The start of a trimester can bring students anxiety from trying to find a job, whether it’s to help pay for school or to gain the necessary work experience to ready a resume for a full-time career in fashion, interior or graphic design. Career Services at Wade College gave students a jump-start with their job search by bringing employers on-campus through our fall 2014 job fair. Employers and their representatives included Terry Costa, Dillard’s, Michael Kors, LOFT, The Army & Airforce Exchange, The Limited, Sunglass Hut, and ZURI Furniture. Job opportunities presented included part-time jobs, full-time jobs, and internships. Students from all levels and concentrations attended, dressed for success, with polished resumes in-hand. They had the opportunity to network with employers and learn about job opportunities that they each offered. Employers were impressed with the preparedness and professionalism of our students, each making a good first impression. Many students received scheduled interviews and, to top it all, several of them landed the JOB shortly after!

Job fairs are a one-stop shop. They are part of the job search resources offered by the Career Services department for Wade College students to meet one-on-one with employers at one time and at a convenient location on-campus. All in all, it was a success, especially when students become employed in positions that not only help pay their bills, but also enable them to gain industry experience while pursuing their studies! We are fortunate to have such a stellar Career Services department with tremendous industry connections at Wade College!

Designing Your Portfolio: Fashion Design, Merchandising, Graphic Design, and Interior Design

DESIGN YOUR FASHION PORTFOLIO
One of many resources Wade College offers for portfolio preparedness.

If you are considering enrolling in an art or design school, most likely you will need to have a portfolio of work that you’ve done to show the admissions committee. Current students will also be asked to assemble portfolios of the work they have completed while in school. At the end of your program, your portfolio will be reviewed and assessed for completeness and creativity.
At Wade College, Associate of Arts students do not need a portfolio for admission, but they are required to develop one while in school. A portfolio is required for those students enrolling in the Bachelor of Arts program. Associates degree program students participate in the Professional Portfolio Critique at the end of their fourth trimester. Students’ portfolios are first critiqued by faculty and then by an outside panel of industry professionals.
Are you panicking yet? Don’t worry—Wade College offers an entire class that will teach you how to assemble and market your portfolio. Not only do you want your portfolio to shine for your end-of-program review, but it will also need to impress those potential employers!
In addition to the Portfolio Planning and Design class, the Wade College library offers a number of books on planning and assembling your portfolio, whether you are a fashion design student, merchandising student, graphic design student, or interior design student.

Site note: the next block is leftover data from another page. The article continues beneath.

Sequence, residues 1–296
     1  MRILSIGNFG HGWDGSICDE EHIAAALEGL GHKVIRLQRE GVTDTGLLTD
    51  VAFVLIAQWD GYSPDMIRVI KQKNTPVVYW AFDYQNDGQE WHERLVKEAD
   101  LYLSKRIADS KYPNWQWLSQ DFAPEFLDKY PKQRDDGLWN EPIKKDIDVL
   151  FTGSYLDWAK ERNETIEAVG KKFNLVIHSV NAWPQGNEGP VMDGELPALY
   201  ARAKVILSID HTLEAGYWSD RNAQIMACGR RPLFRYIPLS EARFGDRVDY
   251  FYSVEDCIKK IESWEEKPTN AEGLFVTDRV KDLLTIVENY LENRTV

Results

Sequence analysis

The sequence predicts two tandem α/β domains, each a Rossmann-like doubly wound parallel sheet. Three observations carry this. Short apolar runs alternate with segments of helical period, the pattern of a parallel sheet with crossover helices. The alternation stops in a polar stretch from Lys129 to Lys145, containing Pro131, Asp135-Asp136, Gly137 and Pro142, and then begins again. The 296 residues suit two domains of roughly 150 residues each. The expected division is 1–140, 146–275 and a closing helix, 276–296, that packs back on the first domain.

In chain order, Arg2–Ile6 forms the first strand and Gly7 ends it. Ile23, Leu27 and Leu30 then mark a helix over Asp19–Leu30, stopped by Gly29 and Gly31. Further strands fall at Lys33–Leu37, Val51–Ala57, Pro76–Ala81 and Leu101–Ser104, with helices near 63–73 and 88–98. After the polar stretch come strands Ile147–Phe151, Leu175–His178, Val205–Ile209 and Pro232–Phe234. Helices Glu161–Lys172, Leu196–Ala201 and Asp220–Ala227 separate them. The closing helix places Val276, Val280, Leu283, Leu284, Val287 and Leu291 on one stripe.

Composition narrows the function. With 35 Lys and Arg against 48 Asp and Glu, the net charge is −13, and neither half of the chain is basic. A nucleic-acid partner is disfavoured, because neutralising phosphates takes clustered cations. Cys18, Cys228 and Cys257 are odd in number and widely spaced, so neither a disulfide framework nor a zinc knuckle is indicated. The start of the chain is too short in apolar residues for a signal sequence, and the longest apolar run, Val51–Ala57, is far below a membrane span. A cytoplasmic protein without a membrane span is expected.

Stop by the library and check out these books:
Portfolio Design, by Harold Linton
Design Your Fashion Portfolio, by Steven Faerm
Portfolio for Fashion Designers, by Kathryn Hagen
Portfolio Presentation for Fashion Designers, by Linda Tain
The Portfolio (DVD)
Developing and Branding the Fashion Merchandising Portfolio, by Janace Bubonia-Clarke
Design Portfolios: Moving from Traditional to Digital, by Diane Bender
Designing Your Fashion Portfolio: From Concept to Presentation, by Joanne Barrett
Graphic Design Portfolio Builder: Adobe Photoshop and Illustrator
Portfolios 01: An Essential Primer for Today’s Competitive Market, by Maura Keller
Building Design Portfolios: Innovative Concepts for Presenting Your Work, by Sara Eisenman
Portfolios for Interior Designers: A Guide to Portfolios, Creative Resumes, and the Job Search, by Maureen Milton
Winning Portfolios for Graphic Designers: Create Your Own Graphic Design Portfolio Online and In Print, by Cath Caldwell
No Plastic Sleeves: The Complete Portfolio Guide for Photographers and Designers, by Danielle Currier
Creating Your Digital Portfolio: The Essential Guide to Showcase Your Design Work Online, by Jan Clazie
How to Create a Portfolio and Get Hired: A Guide for Graphic Designers and Illustrators, by Fig Taylor
If you are not a Wade College student, check your local library or Amazon for these titles and help yourself create an amazing fashion design portfolio, merchandising portfolio, graphic design portfolio, or interior design portfolio.

Thoughts From A Former Fashion Institute of Technology Professor

Wade College students at Dallas Market Center meeting
Wade College students at Dallas Market Center meeting

I taught at the Fashion Institute of Technology in New York for six years and in that time I came to discover how important an institution’s connection is with its professional industries. I taught graduating seniors who were completing internships at high profile companies like Donna Karan, Ralph Lauren or Calvin Klein. While these students were fortunate to have these opportunities, there were many students, typical of large institutions, who are left without career services opportunities. When I was recruited by Wade College , a small, private merchandising and design institution in Dallas, TX, I immediately connected with its similar philosophy of remaining connected to the institution’s industries and employment opportunities. The difference, however, is in Wade College’s size. What’s incredible is the number of job opportunities that come from the adjacent Dallas Market Center and the Design District, across the street. Unlike the Fashion Institute of Technology and similar institutions where enrollment spirals into the thousands, a boutique institution like Wade College can really service every one of its students with meaningful industry experience that often leads to gainful employment. As a native New Yorker, I did not realize, before relocating, how sizable the fashion and interior design industries are in Dallas. The Dallas Market Center is the largest collection of wholesale showrooms in the world. The Design District is among the largest collections of interior design wholesale resources in the country.  And Wade College, among the oldest creative institutions in Dallas, is literally in the middle of it all. You can’t imagine how exciting it is to be a part of this kind of demand! I take great pride in seeing my students – all of my students – engage in every fashion, interior and graphic design opportunity that comes our way.